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FOCUS ON:
INDUSTRIAL
ROBOTS
AND THE
MODERN
WORKFORCE
A compendium of technical articles from Machine Design

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Copyright 2017 by Penton Media,Inc. All rights reserved.


MACHINE DESIGN LIBRARY

FOCUS ON:
INDUSTRIAL
ROBOTS
AND THE
MODERN
WORKFORCE
INTRODUCTION

The world of robotics is growing at a fast rate. More jobs


are being automated and robotic systems are leading the
way to help companies perform human-like tasks. This
e-book will serve as a guide to some of the most common
industrial robots, where the future of collaborative robots
lies, and how automation will be greatly impacted by their
implementation.

CARLOS GONZALEZ
Technology Editor
Machine Design TABLE OF CONTENTS
CHAPTER 1:
WHATS THE DIFFERENCE BETWEEN
INDUSTRIAL ROBOTS?....................................... 2
ADVANCED ROBOTIC SYSTEMS:
CHAPTER 2:
THE MANUFACTURING LABOR FORCE
OF TOMORROW.............................................. 7
CHAPTER 3: HOW TO MAKE YOUR ROBOTS MOVE............ 12
CHAPTER 4:
MOTORS AND DRIVES LEADING
THE WAY FOR ROBOTS................................... 15
CHAPTER 5: THE AUTOMATION BOOM IN MEXICO............. 19
MORE RESOURCES
FROM MACHINE DESIGN... 23

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CARLOS GONZALEZ, Technology Editor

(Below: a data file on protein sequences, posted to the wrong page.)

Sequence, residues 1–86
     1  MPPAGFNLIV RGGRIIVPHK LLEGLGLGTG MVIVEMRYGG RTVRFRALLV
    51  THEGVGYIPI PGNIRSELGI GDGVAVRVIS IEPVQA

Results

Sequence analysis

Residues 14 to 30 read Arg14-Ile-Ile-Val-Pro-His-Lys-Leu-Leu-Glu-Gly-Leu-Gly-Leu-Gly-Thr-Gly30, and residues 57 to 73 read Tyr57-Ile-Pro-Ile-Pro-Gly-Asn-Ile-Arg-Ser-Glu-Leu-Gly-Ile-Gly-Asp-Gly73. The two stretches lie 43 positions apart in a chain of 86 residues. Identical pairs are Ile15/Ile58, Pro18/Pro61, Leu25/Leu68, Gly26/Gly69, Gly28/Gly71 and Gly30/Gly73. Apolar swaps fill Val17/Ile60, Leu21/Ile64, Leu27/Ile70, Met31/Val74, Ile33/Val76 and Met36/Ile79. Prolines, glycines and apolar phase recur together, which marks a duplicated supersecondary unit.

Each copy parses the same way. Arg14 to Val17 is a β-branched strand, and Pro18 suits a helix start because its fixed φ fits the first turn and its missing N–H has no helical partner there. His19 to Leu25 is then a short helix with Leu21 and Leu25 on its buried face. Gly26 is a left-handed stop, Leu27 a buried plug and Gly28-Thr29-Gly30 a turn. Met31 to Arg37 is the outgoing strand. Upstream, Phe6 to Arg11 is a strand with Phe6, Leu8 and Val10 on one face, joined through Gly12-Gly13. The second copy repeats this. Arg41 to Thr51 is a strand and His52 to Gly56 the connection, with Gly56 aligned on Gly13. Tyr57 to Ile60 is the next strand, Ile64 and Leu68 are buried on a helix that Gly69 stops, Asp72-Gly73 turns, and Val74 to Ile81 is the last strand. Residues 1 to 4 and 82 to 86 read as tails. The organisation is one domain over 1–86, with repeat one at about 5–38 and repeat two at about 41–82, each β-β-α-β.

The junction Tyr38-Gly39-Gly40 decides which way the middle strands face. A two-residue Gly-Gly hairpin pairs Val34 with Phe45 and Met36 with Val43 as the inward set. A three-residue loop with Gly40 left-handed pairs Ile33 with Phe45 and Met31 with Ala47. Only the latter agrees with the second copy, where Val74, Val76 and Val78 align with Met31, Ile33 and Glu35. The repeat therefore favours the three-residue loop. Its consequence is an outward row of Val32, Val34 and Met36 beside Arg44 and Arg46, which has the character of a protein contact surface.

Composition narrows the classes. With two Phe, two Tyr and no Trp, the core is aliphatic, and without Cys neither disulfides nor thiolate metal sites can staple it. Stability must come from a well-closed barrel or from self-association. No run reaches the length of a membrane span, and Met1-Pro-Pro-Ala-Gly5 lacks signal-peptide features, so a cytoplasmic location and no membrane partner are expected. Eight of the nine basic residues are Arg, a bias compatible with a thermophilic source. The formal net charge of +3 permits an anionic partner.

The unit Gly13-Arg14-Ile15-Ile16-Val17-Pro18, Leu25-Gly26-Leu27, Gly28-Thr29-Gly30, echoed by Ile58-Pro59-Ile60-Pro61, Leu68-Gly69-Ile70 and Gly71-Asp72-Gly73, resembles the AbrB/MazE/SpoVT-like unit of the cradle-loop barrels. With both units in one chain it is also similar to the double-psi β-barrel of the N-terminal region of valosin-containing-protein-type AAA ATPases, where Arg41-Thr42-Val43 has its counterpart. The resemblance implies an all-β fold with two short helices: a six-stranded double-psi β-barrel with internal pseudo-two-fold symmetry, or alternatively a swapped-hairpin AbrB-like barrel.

CHAPTER 1:

WHATS THE
DIFFERENCE BETWEEN

INDUSTRIAL
ROBOTS?
As the world of robots expands in the
industrial space, its prudent to get
to up to speed on the multiple types
available and their capabilities.

I
n todays industrial automation field, robots handle difficult, Cylindrical robots
dangerous, and repeated tasks. These jobs include the lifting of (See Fig. 3)
heavy objects, pick and placing of parts, assembly of compo- A cylindrical robot has at least one rotary joint at the base and
nents, or assisting manual labor in sorting products. Robots can at least one prismatic joint to connect the links. Along the joint
be grouped into several categories depending on their move- axis, the rotary joint uses a rotational motion; along the prismatic
ment, degrees of freedom, axes of rotation, and function. joint, it moves in a linear motion. Their movements occur within